Thus, the denouement which could be reached in the complex of wars could be the realization that only a grand bargain between Pres. al-Sisi and Prime Minister Abiy, to create a super-solution on a “Sadat to Jerusalem” scale, could enable a solution to the otherwise intractable situation.

The Current Situation

The most immediate threat to Ethiopian Prime Minister Abiy Ahmed Ali stemmed from the full-scale civil war being waged against the Government — and against even the concept of Ethiopian unity or the notion of Ethiopia — by two marxist extremist groups, the Tigré (Tigray) People’s Liberation Front (TPLF), and the Oromo Liberation Front (OLF, in its many formats).

Neither group represented the majority of either the Tigrean or Oromo peoples. Indeed, the TPLF had been content with the concept of a greater Ethiopian state when it was literally handed control of the national government in July 1991 with the collapse of the Soviet-backed Dergue upon the fall of communism in the Soviet Union. From July 1991 until the collapse of the TPLF control of government in 2018, the TPLF did not oppose Ethiopian unity.

The TPLF and the OLF are not indigenously self-sustaining forces against the national Government, however. Both have support from the Government of Egypt and (in the case of the TPLF) the US, and some other foreign entities, because the wider war is not merely the insurgency within Ethiopia. It relates to the historical demands by Egypt — over centuries — that it be allowed to control the flow of waters of the Blue Nile, which has its origins in Lake Tana, in the Amhara Highlands of Ethiopia.

This goes against international law which gives upstream riparian states clear rights over the flow of rivers to downstream riparian states.

Nonetheless, by mid-August 2021, the broader weave of the tapestry of conflicts and interests was coming together in a way which seemed likely to determine whether or not Ethiopia would survive as a national entity.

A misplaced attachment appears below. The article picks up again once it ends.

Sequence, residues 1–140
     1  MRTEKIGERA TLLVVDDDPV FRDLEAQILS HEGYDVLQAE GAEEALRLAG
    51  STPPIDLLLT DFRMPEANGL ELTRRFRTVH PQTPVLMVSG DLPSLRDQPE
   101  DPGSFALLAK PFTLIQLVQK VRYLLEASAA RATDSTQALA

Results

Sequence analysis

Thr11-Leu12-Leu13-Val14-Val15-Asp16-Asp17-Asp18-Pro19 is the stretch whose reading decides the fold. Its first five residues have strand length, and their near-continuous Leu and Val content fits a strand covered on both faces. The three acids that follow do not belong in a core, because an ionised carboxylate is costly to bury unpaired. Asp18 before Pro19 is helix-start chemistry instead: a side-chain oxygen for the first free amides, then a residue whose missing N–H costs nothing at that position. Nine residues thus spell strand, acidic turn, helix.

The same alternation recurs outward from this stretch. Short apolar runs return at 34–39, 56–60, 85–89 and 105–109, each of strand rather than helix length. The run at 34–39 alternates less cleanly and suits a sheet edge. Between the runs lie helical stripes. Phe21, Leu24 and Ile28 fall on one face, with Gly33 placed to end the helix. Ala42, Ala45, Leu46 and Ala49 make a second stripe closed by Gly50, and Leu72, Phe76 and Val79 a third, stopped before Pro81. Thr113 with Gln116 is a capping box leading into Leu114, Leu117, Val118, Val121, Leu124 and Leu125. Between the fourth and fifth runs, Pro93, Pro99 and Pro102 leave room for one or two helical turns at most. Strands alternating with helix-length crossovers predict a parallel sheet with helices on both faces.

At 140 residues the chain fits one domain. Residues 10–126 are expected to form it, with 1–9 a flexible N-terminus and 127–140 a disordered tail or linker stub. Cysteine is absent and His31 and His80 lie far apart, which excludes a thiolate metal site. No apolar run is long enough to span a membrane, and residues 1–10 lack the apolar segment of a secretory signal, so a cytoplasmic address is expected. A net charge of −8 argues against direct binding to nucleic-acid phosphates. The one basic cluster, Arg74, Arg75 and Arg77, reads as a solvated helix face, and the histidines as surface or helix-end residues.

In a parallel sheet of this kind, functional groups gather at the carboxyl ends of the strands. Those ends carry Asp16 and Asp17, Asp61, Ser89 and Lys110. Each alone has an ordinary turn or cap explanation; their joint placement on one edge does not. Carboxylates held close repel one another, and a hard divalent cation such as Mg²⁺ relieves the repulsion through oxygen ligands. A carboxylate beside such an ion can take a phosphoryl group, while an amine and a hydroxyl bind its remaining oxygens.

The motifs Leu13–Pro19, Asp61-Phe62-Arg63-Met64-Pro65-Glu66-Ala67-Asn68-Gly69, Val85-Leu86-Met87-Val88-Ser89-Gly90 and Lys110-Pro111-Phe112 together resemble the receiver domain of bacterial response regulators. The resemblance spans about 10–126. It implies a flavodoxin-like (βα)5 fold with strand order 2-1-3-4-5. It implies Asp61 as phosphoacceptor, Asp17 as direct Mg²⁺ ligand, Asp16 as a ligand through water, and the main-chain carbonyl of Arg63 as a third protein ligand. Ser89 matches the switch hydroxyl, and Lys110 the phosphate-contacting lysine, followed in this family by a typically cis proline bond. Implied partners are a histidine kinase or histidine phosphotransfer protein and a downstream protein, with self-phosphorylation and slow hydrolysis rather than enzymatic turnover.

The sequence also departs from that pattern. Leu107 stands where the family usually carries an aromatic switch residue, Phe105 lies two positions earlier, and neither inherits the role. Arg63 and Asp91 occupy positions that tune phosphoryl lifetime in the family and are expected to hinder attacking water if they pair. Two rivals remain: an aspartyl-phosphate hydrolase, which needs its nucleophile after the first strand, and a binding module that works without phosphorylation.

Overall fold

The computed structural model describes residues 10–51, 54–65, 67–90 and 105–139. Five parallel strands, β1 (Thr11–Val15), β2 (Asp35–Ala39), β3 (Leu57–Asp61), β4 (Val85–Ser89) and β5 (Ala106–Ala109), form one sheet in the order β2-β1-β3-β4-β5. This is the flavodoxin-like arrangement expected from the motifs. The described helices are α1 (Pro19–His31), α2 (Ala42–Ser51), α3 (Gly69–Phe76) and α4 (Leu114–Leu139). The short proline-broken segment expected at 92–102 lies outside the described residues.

In particular, the fluid military situation on the ground in Ethiopia seemed to indicate that there could be a major watershed by the end of August 2021, with some reports indicating that rebel TPLF forces were working to link with rebel Oromo Liberation Front-Shene (OLF-Shene) forces to march on the capital Addis Ababa. That may have been arrested by changing military realities which began to become evident in mid-August 2021.

At that point, Ethiopian National Defense Force (ENDF) and Amhara Region militia groups had begun to re-group to defend both Ethiopia and the particularly embattled Amhara population. The Amhara were being assaulted by the TPLF and OLF in a consistent and enduring campaign, explicitly genocidal in nature, because the Amhara were seen to be the core, or glue, which defined the concept of Ethiopianness.

But it should be stressed that the targets of the TPLF and the OLF (and particularly its Shene group) also included Tigreans and Oromos and all other Ethiopians if they identified themselves as “Ethiopian” or as Ethiopian Orthodox Christians. Significantly, the TPLF and OLF also targeted the predominantly Muslim Afar people, who had consistently regarded themselves as Ethiopians as well as priding themselves in their distinct Afar identity.